Men telling women how to be feminists



In the global game of one-downmanship that is Men Complaining About Feminism, I would rank “feminists only write about depressing stuff” a close second after “all feminists have hairy armpits”.

That tired complaint was the chief argument of self-styled renaissance man Sam De Brito this week just past, as he decided to unload upon “women’s sites” (his scare quotes) in order to prove just how much of a cool feminist dude he is. De Brito is, apparently, being kept awake because nobody - except him - has bothered to note that Dr Janet Yellen has been confirmed as the chair of the US Federal Reserve. 

“I searched several "women's sites" such as 'Mamamia', 'The Hoopla' and Fairfax's 'Daily Life',” he wrote, “but couldn't find a mention of this momentous occasion, which made me wonder if sometimes the champions of women's rights are looking in the wrong places for progress?”


In the sage words of Dr Peter Venkman, oh Johnny, did you back the wrong horse.

I could offer a flood of links to the contrary (Yellen’s historic appointment was, in fact, covered here, and here) or remind De Brito that two of Daily Life’s writers, myself and Clementine Ford, have won EVA Awards (oops just did), or cherry pick from his long history of questionable gender politics by way of his books and blog. But instead I think it’s pertinent to point out why that nit-picking approach to discussing gender equality is, mostly, bunkum. 

For one thing, the argument that more women operating within the upper echelons of Big Business will Make A Difference - could be ripped straight from the pages of Sheryl Sandberg’s Lean In. Look, I’ve read it (I even interviewed her), and there are some compelling moments scattered through its chapters, but the reality is that a handful of female CEOs won’t change an awful lot.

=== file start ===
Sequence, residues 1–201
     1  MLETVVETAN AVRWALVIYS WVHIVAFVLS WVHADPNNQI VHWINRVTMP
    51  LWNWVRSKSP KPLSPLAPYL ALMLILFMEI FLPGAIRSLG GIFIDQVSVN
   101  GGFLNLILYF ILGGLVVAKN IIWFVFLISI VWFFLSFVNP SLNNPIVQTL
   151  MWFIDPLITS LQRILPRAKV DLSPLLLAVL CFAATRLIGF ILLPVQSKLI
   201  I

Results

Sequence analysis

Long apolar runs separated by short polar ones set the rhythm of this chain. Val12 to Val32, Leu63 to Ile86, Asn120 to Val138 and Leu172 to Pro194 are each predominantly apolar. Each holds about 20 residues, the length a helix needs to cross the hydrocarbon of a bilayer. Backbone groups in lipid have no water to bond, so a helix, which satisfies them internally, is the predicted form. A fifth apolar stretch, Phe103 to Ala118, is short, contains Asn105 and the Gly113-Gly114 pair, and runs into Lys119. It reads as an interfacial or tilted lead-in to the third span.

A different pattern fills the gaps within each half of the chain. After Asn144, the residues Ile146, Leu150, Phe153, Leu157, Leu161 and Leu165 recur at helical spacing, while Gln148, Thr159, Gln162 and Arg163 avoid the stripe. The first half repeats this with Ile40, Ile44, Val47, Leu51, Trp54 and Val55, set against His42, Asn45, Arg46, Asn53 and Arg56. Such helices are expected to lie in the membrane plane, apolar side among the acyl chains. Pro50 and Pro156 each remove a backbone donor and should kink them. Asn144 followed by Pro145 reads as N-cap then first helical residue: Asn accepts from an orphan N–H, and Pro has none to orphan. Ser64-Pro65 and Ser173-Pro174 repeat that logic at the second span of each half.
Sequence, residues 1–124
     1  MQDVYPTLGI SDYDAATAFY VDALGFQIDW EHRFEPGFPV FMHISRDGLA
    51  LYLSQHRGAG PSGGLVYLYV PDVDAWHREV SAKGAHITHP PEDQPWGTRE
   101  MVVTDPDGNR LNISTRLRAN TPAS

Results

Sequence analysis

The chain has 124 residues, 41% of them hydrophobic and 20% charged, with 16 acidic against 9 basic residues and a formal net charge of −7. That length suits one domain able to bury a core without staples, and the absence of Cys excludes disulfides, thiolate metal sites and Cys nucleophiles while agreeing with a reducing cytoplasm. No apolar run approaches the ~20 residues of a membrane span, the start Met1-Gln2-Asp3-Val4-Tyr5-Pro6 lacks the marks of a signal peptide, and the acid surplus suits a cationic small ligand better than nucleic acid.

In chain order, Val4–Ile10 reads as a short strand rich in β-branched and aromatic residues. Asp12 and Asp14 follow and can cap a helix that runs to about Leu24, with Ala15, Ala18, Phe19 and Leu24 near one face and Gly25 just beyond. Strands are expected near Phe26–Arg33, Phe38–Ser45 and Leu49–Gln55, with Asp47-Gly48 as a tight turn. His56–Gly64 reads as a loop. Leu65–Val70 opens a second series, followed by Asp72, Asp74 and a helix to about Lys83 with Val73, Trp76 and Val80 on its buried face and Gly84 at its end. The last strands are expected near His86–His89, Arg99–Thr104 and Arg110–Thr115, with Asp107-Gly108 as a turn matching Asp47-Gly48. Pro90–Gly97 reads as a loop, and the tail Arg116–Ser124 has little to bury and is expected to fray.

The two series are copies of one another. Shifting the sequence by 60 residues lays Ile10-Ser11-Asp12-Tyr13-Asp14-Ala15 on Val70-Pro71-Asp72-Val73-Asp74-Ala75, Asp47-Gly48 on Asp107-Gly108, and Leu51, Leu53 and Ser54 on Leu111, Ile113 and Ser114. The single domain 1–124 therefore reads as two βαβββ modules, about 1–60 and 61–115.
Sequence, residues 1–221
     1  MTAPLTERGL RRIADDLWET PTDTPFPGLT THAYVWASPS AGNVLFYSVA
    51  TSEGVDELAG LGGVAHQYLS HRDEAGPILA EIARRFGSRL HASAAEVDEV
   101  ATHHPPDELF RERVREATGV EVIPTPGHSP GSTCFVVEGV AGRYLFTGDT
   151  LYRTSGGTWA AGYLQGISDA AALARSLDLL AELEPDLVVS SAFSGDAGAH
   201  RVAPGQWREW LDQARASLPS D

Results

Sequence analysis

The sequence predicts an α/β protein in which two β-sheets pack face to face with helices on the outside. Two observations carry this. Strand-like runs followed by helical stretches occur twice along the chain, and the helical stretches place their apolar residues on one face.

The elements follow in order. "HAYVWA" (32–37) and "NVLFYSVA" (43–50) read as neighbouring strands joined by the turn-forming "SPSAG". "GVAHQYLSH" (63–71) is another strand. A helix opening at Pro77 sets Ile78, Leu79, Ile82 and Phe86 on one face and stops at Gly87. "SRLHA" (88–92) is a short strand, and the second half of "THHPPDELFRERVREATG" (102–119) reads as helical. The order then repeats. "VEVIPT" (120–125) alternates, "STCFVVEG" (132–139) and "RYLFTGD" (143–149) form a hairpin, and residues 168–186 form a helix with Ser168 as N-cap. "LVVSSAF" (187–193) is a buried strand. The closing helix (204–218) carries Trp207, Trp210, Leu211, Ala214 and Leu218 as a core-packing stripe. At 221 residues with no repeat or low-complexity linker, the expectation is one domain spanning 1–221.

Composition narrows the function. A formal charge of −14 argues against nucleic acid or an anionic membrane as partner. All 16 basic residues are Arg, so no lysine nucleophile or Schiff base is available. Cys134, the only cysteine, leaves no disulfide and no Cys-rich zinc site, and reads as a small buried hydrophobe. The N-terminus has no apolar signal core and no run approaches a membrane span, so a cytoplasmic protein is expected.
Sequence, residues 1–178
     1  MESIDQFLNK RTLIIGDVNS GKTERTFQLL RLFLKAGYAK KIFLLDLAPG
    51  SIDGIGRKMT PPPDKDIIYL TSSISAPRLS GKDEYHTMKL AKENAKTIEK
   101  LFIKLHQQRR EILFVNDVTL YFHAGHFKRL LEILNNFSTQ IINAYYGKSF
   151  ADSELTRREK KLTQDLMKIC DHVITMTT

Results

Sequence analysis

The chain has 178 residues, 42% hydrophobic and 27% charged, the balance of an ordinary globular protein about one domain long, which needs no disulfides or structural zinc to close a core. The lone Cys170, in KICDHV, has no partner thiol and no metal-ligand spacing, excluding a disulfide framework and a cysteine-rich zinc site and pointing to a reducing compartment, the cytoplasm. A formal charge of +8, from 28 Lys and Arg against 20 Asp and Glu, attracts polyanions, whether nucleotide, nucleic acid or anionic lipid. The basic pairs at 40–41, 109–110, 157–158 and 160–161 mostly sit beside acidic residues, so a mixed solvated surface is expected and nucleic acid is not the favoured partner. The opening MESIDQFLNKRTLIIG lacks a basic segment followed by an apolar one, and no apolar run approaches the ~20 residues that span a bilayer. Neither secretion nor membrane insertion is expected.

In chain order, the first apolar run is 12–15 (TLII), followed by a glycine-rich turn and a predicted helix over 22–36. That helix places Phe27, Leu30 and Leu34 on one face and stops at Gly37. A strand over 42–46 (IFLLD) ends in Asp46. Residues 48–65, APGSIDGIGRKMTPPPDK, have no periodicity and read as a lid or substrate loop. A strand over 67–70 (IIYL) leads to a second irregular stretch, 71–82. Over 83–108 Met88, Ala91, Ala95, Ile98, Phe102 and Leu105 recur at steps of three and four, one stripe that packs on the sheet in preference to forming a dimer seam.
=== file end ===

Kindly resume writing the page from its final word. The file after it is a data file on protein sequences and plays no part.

As Eva Cox told me in an interview at the time of Lean In’s debut, “Individualism leads to trying to succeed in a macho workplace model and market economic models. This creates no change and can’t work for those who don’t want to mimic macho practices. We need to revisit the ideas of serious gender change in what we value and how, e.g. shorter working hours and validity for care.”

Perhaps if critics like De Brito were more committed to actual feminist cultural criticism, and less concerned with slating “women’s sites” in an effort to make himself look like a feminist superhero, he would have read bell hooks’ call to step out of (rather than lean in to) capitalist power structures.

In a piece for The Feminist Wire, hooks dismantles Lean In and similar models of ‘faux feminism’ as one that “begins and ends with the notion that it’s all about gender equality within the existing social system. From this perspective, the structures of imperialist white supremacist capitalist patriarchy need not be challenged”. In De Brito’s case, this is the idea that Yellen’s appointment “has the potential to send enormously powerful cultural messages to young girls and women”.

But why question whether or not women in big business will, in fact, help bring about gender equality when you can instead just have a crack at the women who aren’t being good enough feminists because they don’t read the Financial Review?

Indeed, such ‘pro-women’ male think-pieces tend to focus on things like how women are just dummies who suckle at the teat of celebrity news, too hypnotised by Kim Kardashian’s belfies to bother paying attention to the Real News of gender equality: “The average woman (and man) would know more about Lara Bingle's love life than the thoughts of women like [Harvey Norman’s Katie] Page and [Westpac chief Gail] Kelly on any number of important topics.”

This isn’t the first time a male writer has put down women’s sites to bolster their own ‘personal brand’, nor – I’m sure, will it be the last. But hey, why highlight the extensive work of female writers in championing progress when you can sensationally dismiss them as whingers -- simply because they did not, in your eyes, adequately trumpet one specific woman’s career achievements?

Here’s what it comes down to: I am all for men who want to be feminist allies. I am especially here for men who realise they’ve been living life in thrall to patriarchal power structures and unhealthy gender expectations and who decide it’s time to make a chance.

A man who wants to throw the extensive and tireless feminist work of women under the bus to prove that he is better at feminism, on the other hand, can take a seat. Hell, Sam, take the whole stadium - maybe you can discuss feminism with Gail Kelly while you’re there.